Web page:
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MacRumors

macrumors bot
Original poster
Apr 12, 2001
52,503
14,204
Sony announced that they would no longer be releasing new Clie models in the U.S. market.

The consumer electronics giant said it will continue product development and sales in Japan but that its efforts in the United States will end when it sells existing supplies of four Clie models.

Sony will reportedly continue sales in Japan at this time. Analysts suspect that the Clie division was a "money-losing business".

Rumors and speculation have long called for Apple to renter the PDA market, but with few recent leads on this popular topic.
 

Swinny

macrumors regular
Jul 12, 2002
109
0
Oxford, UK
Proof perhaps thats Jobs has been right all along that PDAs are a dying market...The closest I suspect Apple will get to releasing a PDA again is adding some basic data-entry capablilities to future iPods (and/or Bluetooth for direct linking with phones).
 
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wrldwzrd89

macrumors G5
Jun 6, 2003
12,109
76
Solon, OH
Swinny said:
Proof perhaps thats Jobs has been right all along that PDAs are a dying market...The closest I suspect Apple will get to releasing a PDA again is adding some basic data-entry capablilities to future iPods (and/or Bluetooth for direct linking with phones).
I agree - PDAs do seem to be dying out. The iPod has all the basic features needed for a simple PDA - it just lacks data entry (which could be implemented with the current interface, and would be easy to use). I envision the iPod in data-entry mode - the buttons are used to select things, and the scroll wheel is used to select a letter.
 
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johnnyjibbs

macrumors 68030
Sep 18, 2003
2,959
119
London, UK
Yep, PDA's were always expensive and relatively pointless in my book. Still, if I had the money... I'm a bit of a gadget freak! I don't think Apple will enter that market.
 
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hob

macrumors 68010
Oct 4, 2003
2,004
0
London, UK
I really wish Apple would at least offer an upgrade for the iPod to allow data entry. My T630's Address Book is up to scratch, but the calender is atrocious! (so, seemingly is my spelling :p)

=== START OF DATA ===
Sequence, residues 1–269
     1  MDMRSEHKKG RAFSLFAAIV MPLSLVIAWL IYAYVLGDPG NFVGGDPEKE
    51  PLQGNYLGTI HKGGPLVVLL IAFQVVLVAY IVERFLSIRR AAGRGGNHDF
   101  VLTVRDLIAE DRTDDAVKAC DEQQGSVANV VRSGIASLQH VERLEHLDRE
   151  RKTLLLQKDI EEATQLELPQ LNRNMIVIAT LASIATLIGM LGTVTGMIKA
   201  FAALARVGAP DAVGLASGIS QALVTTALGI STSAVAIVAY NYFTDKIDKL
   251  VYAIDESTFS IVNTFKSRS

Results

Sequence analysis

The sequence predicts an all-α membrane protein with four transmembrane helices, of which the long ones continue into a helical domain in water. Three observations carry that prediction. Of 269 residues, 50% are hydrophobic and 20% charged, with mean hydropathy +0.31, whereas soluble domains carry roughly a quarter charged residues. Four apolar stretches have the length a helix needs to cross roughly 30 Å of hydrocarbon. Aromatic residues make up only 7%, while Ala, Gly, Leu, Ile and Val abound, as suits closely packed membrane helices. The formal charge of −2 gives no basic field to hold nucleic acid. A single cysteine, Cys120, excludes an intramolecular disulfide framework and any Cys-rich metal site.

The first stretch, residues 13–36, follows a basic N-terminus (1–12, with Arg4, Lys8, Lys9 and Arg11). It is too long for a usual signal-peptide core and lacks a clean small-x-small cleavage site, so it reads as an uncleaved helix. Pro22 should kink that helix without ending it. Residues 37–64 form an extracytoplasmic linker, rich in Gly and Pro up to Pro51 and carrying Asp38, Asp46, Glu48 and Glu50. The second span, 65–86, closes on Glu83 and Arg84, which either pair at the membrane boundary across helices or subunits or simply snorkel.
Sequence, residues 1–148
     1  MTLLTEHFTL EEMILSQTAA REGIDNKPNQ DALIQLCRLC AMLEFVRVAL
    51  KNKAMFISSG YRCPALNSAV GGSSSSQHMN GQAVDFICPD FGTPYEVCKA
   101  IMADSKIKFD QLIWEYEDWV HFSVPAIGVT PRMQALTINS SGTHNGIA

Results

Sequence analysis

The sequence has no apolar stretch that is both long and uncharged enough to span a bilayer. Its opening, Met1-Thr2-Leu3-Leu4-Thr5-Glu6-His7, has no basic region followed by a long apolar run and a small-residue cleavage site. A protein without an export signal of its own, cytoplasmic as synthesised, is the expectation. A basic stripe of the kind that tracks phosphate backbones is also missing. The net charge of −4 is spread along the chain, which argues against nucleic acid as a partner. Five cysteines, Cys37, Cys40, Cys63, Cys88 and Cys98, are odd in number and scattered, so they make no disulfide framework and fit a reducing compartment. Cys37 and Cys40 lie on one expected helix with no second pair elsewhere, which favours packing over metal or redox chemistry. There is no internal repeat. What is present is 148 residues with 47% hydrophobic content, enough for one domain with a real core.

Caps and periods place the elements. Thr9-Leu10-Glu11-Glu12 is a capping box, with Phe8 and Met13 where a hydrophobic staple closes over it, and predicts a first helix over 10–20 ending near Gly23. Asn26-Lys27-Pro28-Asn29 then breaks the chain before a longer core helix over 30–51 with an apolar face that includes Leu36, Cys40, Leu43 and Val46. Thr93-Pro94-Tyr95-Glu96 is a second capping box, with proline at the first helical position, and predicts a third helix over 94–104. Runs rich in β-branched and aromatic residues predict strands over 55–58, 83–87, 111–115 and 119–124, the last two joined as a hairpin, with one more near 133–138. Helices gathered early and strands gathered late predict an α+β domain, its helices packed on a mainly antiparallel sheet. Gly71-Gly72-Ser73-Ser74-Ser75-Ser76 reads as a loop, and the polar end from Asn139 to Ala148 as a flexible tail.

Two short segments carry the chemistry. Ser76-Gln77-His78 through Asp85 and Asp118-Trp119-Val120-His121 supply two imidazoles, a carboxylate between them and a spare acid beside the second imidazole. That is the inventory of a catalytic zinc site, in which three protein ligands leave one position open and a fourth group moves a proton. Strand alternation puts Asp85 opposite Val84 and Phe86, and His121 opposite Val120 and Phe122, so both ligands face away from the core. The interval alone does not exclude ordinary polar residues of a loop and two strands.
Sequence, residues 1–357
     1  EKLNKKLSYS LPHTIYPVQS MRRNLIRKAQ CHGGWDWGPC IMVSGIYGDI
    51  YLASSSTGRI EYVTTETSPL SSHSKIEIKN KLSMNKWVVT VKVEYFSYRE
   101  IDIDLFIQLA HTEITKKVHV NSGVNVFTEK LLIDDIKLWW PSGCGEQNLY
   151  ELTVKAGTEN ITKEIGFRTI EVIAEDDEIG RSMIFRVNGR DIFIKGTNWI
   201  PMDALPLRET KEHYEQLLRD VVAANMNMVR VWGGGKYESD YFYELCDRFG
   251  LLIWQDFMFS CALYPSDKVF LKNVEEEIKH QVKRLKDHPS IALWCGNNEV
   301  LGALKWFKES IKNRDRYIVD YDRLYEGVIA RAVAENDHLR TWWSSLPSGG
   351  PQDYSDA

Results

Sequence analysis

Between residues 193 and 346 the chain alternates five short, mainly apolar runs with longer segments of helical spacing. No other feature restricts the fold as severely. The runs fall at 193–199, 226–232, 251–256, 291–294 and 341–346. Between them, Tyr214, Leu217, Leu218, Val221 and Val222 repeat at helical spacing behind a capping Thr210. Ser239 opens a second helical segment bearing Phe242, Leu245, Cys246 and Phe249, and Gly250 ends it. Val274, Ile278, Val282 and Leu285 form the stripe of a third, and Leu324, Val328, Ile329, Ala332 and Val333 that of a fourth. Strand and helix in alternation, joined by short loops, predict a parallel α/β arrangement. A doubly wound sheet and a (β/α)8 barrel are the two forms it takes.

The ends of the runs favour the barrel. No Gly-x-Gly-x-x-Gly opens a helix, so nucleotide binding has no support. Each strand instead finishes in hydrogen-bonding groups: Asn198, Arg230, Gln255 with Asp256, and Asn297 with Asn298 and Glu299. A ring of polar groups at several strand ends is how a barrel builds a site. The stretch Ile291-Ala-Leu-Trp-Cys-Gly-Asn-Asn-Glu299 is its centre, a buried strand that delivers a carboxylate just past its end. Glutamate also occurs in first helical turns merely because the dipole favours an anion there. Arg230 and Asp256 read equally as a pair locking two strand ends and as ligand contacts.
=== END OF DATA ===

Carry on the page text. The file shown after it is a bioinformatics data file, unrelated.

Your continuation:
Hob
 
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nagromme

macrumors G5
May 2, 2002
12,546
1,196
Mediocre input: still good for iPod, just don't over-hype it

Truly GOOD input can't be done on the current iPods. Such a feature should never be hyped by Apple as anything major. Input with a wheel would not be Apple ease-of-use.

BUT... ANY kind of input is an important step, and useful because for many people, input is a much rarer need than output. Example: I look up addresses FAR more than I create new ones. (That's why it often works OK to have to use your computer--with full keys and screen--to do the entry.)

Simply adding SOME kind of input, however much it may be a compromise, would be a GREAT thing for some users--like me!

But it has to be fast--if someone tells me a phone number or meeting time, I can't be messing with scrolling through the alphabet one char at a time. At the same time, though, the simple current controls should stay that way: the iPod is for music first and foremost.

Solution? VOICE MEMOS! That's the easiest possible form of input--easier and faster than keyboard or stylus even. And it doesn't change the iPod's simplicity--IF they build it in rather than requiring an add-on pod. Please!

There's always a compromise--in the case of voice memos, you must re-enter the data on your computer when you get home. But that's a good trade for instant, dead-simple input on the spot--versus no input or slow and tedious input. (Or vs. an expensive stylus screen--not a bad BTO option though.)
 
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wrldwzrd89

macrumors G5
Jun 6, 2003
12,109
76
Solon, OH
hob said:
I really wish Apple would at least offer an upgrade for the iPod to allow data entry. My T630's Address Book is up to scratch, but the calender is atrocious! (so, seemingly is my spelling :p)

Hob
As I mentioned previously, no hardware changes would be needed to implement this - just an iPod software upgrade. I just submitted feedback to Apple regarding this - if you want to send something too, click here for Apple's feedback page, then click iPod, then enter and submit your feedback. Note: the feedback form is out of date - it doesn't include 10.3.3 or 10.3.4 as choices for Mac OS version.
 
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backspinner

macrumors 6502a
Apr 29, 2002
548
0
Eindhoven
nagromme said:
Truly GOOD input can't be done on the current iPods...
I use the few keys on my mobile phone all the time and that works also. I use the scroll wheel method all the time on some professional electronic equipment and that also works very well. It's not really fast but for me it's a working solution. Imagine that you are far away from your computer and want to input some text and have plenty of time -- the scroll wheel would be enough.
 
Comment

iMan

macrumors regular
Jan 7, 2004
197
0
Oslo, Norway
nagromme said:
Solution? VOICE MEMOS! That's the easiest possible form of input--easier and faster than keyboard or stylus even. And it doesn't change the iPod's simplicity--IF they build it in rather than requiring an add-on pod. Please!

And the interesting thing is voice recognition software - that automatically changes the recorded voice to an entry... this is not too far off I believe. I know that this is currently beeing tested for doctors journaling - like they just speak the diagnosis, and the system converts it to a written report (you all know how doctors write don't you :) )